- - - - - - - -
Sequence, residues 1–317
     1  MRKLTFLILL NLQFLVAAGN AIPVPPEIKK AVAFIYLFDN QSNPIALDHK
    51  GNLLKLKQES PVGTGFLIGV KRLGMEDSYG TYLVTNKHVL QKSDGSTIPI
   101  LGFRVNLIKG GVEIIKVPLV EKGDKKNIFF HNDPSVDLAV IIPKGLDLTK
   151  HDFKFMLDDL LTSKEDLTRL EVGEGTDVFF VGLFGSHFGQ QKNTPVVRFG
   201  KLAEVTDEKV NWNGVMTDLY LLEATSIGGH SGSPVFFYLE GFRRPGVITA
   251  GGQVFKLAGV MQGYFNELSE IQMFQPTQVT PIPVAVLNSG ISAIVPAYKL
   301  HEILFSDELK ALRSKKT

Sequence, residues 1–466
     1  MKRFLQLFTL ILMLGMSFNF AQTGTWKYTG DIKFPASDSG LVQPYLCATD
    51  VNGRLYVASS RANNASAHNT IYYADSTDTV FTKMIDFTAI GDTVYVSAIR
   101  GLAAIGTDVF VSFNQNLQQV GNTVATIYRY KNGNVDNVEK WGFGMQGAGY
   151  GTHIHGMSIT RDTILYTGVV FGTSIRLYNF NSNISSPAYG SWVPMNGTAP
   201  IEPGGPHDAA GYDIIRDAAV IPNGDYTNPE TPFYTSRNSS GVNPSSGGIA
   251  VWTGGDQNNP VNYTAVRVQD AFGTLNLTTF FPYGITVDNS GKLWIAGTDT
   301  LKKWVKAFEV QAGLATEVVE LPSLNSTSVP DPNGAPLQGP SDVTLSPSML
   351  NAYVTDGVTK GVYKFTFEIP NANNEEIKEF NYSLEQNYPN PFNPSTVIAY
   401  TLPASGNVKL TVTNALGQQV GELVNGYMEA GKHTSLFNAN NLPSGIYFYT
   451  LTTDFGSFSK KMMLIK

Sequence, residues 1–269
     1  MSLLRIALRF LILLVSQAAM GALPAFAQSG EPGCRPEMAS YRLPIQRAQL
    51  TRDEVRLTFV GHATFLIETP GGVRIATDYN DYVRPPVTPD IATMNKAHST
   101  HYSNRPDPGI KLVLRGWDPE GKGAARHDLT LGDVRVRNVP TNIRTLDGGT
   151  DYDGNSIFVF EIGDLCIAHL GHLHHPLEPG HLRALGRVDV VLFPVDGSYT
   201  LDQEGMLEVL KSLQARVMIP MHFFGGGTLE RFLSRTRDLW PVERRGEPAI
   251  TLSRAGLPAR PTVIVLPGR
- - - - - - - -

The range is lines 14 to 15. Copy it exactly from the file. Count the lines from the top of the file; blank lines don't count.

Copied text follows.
   201  IEPGGPHDAA GYDIIRDAAV IPNGDYTNPE TPFYTSRNSS GVNPSSGGIA
   251  VWTGGDQNNP VNYTAVRVQD AFGTLNLTTF FPYGITVDNS GKLWIAGTDT